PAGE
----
The short ribs only required six ingredients—all of which I had in my kitchen already—and all I really needed to go to the store for were the artichokes and some garlic. It turned out delicious, all of it, and was super simple to throw together. The meat had to cook a while, but aside from that, nothing tricky about most of these recipes. Only a few steps for each, all very straightforward. This is a great cookbook for people who are not naturals at cooking or meal planning.

Rating: **** (4)

Thursday, August 21, 2014

Cookbook review: Extra Virgin by Gabriele Corcos and Debi Mazar

I received a copy of EXTRA VIRGIN: RECIPES AND LOVE FROM OUR TUSCAN KITCHEN by Gabriele Corcos and Debi Mazar from the Blogging for Books program in exchange for an honest review. You'd probably recognize Mazar, she's been on a slew of television shows since the '90s. I'll wait while you google-image-search her. Yep, her. But that's neither here nor there, and it's certainly downplayed in this book (her photo isn't even on the cover) so you really don't get the celebrity cookbook vibe from this.

I was pleasantly surprised by EXTRA VIRGIN. Often these giant coffee-table-sized Italian cookbooks are beautiful to look at (and this one is too) with full-page, four-color food photos that make the food look like it was just effortlessly plopped on the table looking that good—but then the recipes end up being so overwhelming and complicated that really all the cookbook serves as is inspiration to go to a 5-star Italian restaurant for dinner.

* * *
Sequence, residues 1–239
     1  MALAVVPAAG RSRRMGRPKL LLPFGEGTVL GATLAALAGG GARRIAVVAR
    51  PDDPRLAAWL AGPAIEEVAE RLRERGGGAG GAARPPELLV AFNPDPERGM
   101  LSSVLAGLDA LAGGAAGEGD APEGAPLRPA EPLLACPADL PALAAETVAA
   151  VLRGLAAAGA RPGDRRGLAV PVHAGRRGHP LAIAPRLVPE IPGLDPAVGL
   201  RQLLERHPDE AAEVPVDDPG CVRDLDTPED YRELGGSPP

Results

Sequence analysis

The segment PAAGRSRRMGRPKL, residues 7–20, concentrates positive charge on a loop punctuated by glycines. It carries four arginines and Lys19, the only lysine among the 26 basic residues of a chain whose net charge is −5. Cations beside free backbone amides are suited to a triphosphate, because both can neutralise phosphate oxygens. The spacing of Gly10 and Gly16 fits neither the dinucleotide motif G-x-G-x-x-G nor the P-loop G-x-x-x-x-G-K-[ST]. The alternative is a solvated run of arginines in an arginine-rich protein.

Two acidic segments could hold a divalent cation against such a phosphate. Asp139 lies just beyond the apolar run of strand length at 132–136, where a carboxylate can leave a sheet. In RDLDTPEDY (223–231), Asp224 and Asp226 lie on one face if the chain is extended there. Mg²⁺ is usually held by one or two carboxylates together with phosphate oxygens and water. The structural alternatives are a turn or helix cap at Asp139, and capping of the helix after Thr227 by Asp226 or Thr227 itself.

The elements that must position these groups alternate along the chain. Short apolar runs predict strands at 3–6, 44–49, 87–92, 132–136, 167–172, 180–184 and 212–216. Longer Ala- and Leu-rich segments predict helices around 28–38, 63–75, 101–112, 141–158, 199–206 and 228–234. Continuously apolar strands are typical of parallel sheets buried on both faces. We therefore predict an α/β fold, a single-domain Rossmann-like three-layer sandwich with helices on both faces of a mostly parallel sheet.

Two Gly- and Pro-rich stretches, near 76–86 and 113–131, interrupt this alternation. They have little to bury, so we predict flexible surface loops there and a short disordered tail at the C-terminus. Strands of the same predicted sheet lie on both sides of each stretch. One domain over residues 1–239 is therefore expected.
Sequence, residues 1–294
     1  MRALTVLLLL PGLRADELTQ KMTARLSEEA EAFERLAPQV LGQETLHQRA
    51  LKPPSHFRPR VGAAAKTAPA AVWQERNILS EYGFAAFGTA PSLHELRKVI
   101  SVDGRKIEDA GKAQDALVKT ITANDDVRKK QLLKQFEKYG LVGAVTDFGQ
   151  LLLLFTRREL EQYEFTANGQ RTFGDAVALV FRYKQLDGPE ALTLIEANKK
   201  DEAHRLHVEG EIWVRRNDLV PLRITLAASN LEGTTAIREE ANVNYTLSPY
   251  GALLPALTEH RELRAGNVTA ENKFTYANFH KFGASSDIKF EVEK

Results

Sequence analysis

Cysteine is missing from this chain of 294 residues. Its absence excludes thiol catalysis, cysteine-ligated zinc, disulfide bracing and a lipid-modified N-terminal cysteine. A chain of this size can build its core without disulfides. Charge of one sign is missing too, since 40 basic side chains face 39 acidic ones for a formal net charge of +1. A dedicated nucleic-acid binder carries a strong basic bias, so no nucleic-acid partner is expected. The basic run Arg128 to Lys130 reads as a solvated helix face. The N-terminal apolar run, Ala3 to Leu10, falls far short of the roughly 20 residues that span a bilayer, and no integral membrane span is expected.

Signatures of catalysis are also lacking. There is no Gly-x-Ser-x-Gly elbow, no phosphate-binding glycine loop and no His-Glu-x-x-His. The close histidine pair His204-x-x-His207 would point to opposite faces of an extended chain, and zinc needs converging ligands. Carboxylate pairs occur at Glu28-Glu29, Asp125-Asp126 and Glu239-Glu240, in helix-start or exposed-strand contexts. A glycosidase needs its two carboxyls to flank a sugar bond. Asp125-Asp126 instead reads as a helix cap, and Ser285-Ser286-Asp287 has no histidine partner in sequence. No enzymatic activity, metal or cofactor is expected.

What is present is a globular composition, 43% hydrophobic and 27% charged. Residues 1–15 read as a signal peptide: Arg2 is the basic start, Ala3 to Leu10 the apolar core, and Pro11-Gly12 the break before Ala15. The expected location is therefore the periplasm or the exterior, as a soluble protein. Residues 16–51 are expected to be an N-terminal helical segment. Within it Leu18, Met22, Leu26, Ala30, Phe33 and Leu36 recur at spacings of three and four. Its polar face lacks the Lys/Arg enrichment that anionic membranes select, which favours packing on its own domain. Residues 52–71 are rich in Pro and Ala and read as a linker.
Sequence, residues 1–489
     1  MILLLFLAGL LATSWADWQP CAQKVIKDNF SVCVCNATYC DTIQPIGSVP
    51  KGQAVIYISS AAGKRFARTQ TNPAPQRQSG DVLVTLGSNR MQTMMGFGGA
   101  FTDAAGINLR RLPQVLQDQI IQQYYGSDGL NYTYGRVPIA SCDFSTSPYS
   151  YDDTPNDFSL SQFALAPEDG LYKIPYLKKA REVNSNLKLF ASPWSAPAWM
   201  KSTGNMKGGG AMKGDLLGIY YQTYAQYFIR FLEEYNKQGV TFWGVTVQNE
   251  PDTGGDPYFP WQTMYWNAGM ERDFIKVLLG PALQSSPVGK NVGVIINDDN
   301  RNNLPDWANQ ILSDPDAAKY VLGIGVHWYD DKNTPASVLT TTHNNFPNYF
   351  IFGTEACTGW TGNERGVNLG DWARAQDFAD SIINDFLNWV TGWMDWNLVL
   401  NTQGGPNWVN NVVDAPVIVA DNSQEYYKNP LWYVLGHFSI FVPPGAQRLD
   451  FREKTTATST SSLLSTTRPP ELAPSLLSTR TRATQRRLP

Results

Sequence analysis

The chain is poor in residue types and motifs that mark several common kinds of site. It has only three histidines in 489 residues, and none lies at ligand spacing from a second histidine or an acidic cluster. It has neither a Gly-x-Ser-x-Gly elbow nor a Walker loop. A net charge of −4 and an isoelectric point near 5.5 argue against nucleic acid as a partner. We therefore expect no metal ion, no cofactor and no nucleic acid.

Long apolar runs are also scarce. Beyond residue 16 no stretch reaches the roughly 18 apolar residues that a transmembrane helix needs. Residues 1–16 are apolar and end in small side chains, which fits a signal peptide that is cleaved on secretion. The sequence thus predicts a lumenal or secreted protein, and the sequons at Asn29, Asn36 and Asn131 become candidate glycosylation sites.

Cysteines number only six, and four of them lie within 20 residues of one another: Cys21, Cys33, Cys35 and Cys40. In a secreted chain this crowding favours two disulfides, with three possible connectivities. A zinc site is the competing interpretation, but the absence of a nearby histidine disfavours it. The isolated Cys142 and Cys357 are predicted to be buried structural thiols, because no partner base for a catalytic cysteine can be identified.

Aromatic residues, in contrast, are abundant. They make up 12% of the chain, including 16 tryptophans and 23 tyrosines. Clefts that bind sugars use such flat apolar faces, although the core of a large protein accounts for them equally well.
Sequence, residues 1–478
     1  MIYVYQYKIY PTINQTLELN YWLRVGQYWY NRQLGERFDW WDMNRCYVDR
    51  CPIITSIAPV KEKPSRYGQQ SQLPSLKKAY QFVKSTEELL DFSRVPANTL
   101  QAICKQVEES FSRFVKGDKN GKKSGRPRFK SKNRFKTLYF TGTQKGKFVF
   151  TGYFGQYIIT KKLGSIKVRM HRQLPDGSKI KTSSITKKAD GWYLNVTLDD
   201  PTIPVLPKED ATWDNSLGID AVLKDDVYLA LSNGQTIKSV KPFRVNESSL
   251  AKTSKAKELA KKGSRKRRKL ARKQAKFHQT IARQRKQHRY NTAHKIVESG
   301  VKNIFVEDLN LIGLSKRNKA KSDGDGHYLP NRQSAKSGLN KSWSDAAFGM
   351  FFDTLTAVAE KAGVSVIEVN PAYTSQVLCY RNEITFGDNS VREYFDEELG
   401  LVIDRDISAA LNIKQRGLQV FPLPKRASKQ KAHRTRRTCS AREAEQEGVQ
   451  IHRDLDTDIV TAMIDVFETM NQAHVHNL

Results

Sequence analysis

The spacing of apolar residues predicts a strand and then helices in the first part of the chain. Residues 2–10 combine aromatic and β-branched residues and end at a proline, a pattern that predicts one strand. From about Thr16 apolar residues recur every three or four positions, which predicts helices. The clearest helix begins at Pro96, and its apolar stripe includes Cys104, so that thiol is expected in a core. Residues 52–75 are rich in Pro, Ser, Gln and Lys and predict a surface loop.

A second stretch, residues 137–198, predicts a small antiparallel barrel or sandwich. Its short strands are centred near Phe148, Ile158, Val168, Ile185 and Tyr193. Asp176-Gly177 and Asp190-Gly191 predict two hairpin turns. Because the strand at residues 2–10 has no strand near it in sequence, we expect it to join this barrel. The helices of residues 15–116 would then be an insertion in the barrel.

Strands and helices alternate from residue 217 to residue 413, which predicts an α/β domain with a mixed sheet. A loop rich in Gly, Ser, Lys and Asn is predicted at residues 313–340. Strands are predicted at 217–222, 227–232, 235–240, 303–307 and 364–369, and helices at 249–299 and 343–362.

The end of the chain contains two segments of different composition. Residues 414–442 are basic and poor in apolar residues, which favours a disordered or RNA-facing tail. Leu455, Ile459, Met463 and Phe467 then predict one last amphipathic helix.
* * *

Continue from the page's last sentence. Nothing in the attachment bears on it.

EXTRA VIRGIN is more down-to-earth than that, Mazar admits that her mother taught herself to cook while living the hippy lifestyle in New York. I loved that and it immediately made the recipes more approachable. What was also nice: these recipes keep more to the traditional Italian. You've pretty much heard of all these recipes, not weird modernized dishes that put a "spin" on the old, but also nothing boring or overly rudimentary.

I tried the Sausage and Asparagus Risotto and it turned out delicious. It definitely seemed (and most of these dishes do actually) like something that after making a few more times I can have memorized and make as a regular staple meal. I think my only critique would be that I wish the book gave estimates of how long each recipe would take... Although I think on the whole most of these are doable to make during the week. With the leftover asparagus I made "Grilled Asparagus wrapped with lardo" which is basically delicious FAT. There's a lot of overlapping of ingredients between all these recipes which is nice because you can make sure nothing leftover goes to waste.

The "On Entertaining" section by Mazar was probably my favorite part (I have a real anxiety about hosting dinner parties, I'm not a very confident cook and I'm not great with timing and making people feel comfortable. I envy people who have a knack for party planning). She takes a lot of the pressure off by talking about involving your guests in preparing some of the meal (creates a sense of community and allows you some social time) as well as planning ahead for what you can get done before they arrive and what can be left to the last minute. She even talks about some of her table setting decor tips, how to put together a vibrant and interesting table through thrift store shopping, and comes up with some unique ideas for what to serve wine in.